In February of 1938, R.E. Meek, H.D. Madsen, A.E. Schoeneberg, J.B. Putman, A.E. Berndt, Alfred N. Nilson, and Victor T. Jurasek met in the Wharton law office of Edwin Hawes, Jr. and adopted the Articles of Incorporation for Wharton County Electric Cooperative, Inc. They made an application to the State of Texas for a Charter. The charter was granted later that month, and WCEC was born!
Rural electrification has indeed changed the face of rural America. Prior to 1935, only three percent (3%) of the farms in Texas had electric service and these were in most cases in suburban areas on the edge of cities and towns.
The movement to secure rural electric service in Wharton County and adjacent areas began in the latter part of 1937 at a farm meeting in the Danevang Community Hall. At this meeting, the first Rural Electric Administration (REA) bulletin explaining the method of organizing a rural electric cooperative and how to construct a rural electric system was read. J. B. Putman, who lived northwest of El Campo had secured this bulletin.
In early 1938, a committee consisting of the following gentlemen: R. E. Meek, H. D. Madsen, A. E. Schoeneberg, J. B. Putman, A. E. Berndt, Alfred N. Nilson, and Victor T. Jurasek, met in the law office of Edwin Hawes, Jr., in Wharton and adopted Articles of Incorporation for Wharton County Electric Cooperative. An application was made to the State of Texas for a charter. This was granted in February 1938. On March 18, 1938, the first official meeting of the incorporators of Wharton County Electric Cooperative was held in El Campo at the office of E.G. Petersen.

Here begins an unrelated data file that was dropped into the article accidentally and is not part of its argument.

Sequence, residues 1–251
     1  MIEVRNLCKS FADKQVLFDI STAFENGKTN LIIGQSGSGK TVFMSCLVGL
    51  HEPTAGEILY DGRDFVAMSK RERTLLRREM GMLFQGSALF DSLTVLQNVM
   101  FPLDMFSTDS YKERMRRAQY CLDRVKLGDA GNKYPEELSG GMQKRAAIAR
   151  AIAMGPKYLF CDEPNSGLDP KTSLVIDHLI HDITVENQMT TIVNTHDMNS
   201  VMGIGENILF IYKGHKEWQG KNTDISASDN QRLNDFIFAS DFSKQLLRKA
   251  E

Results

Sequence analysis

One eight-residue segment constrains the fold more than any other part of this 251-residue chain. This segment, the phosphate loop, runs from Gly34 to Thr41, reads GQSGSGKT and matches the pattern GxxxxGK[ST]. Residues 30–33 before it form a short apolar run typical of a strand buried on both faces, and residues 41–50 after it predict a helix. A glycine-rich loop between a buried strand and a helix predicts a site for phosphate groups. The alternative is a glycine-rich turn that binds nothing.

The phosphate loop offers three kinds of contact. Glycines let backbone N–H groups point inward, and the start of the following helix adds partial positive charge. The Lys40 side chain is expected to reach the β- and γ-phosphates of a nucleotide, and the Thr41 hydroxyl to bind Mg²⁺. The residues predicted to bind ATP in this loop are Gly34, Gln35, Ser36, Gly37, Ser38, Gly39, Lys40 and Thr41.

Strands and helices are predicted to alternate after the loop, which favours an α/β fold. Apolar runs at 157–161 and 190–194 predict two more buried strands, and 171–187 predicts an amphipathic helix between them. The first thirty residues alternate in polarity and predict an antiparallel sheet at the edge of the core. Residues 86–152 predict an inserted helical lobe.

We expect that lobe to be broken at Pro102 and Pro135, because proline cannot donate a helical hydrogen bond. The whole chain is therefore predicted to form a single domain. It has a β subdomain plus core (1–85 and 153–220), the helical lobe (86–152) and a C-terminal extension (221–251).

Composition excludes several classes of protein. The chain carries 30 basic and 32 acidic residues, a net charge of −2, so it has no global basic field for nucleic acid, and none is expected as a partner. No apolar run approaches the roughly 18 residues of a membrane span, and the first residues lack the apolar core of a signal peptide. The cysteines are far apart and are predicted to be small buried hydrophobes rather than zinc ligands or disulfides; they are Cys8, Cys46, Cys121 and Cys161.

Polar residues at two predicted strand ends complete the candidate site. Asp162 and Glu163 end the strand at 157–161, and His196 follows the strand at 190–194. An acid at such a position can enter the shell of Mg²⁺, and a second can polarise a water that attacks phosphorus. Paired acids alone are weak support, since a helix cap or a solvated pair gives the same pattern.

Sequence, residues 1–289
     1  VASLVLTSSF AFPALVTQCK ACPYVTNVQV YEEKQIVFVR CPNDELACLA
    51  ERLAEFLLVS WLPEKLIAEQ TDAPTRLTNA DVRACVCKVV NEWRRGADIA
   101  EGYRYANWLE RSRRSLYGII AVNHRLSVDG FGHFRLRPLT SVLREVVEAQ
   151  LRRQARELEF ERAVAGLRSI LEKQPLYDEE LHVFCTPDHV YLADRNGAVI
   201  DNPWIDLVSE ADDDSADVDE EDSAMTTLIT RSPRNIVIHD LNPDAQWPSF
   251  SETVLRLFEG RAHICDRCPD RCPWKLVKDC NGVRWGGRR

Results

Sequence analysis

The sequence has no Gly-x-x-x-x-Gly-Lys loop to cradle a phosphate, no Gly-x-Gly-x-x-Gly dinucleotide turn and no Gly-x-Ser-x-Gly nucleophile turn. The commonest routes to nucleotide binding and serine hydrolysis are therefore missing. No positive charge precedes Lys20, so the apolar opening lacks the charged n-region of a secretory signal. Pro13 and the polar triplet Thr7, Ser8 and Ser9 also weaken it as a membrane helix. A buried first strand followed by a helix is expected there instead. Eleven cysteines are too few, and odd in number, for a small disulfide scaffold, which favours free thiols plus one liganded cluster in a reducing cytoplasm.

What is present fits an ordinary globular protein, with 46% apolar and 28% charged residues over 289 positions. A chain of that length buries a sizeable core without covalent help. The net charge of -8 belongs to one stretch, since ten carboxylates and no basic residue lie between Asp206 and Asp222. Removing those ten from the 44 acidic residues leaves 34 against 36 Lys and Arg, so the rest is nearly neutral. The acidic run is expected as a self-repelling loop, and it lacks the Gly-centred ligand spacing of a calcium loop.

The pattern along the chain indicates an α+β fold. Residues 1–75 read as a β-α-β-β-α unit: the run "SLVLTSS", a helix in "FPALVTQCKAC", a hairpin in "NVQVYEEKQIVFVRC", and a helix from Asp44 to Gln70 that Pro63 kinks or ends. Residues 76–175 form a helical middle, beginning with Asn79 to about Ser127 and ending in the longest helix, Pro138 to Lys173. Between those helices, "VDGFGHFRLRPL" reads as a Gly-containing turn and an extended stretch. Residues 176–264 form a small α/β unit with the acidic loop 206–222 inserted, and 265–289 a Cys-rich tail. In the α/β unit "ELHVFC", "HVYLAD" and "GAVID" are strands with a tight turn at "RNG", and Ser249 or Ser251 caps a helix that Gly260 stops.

The War Years
During the early 1940s, almost all activity on power line construction drew to a halt due to World War II.
However, WCEC was not idle during the war years. They helped to organize a Cooperative Community Canning Kitchen in El Campo and spearheaded a successful scrap metal drive. WCEC actually collected over a million pounds of scrap metal, which amounted to more than one ton per member!
The South Texas Electric Cooperative (STEC) was formed to provide generating and transmission services to six south Texas cooperatives including Wharton County Electric Cooperative. Service began in 1962.
Moving On Up
Also, in 1964, WCEC began providing security lights for members at a low cost. This was a welcome sight and the countryside has been lighted since that time.
In 2006, WCEC began offering Wirehand Wireless Internet service to meet the need for broadband service in rural areas.
Throughout the years, many individuals contributed unselfishly of their time and talents toward the success of WCEC. Many were pioneers of rural electrification in our community and took on a job that many said could not be done.
Well . . . they did it! And, the legacy which they created and the sound foundation on which Wharton County Electric Cooperative is built will continue into the future.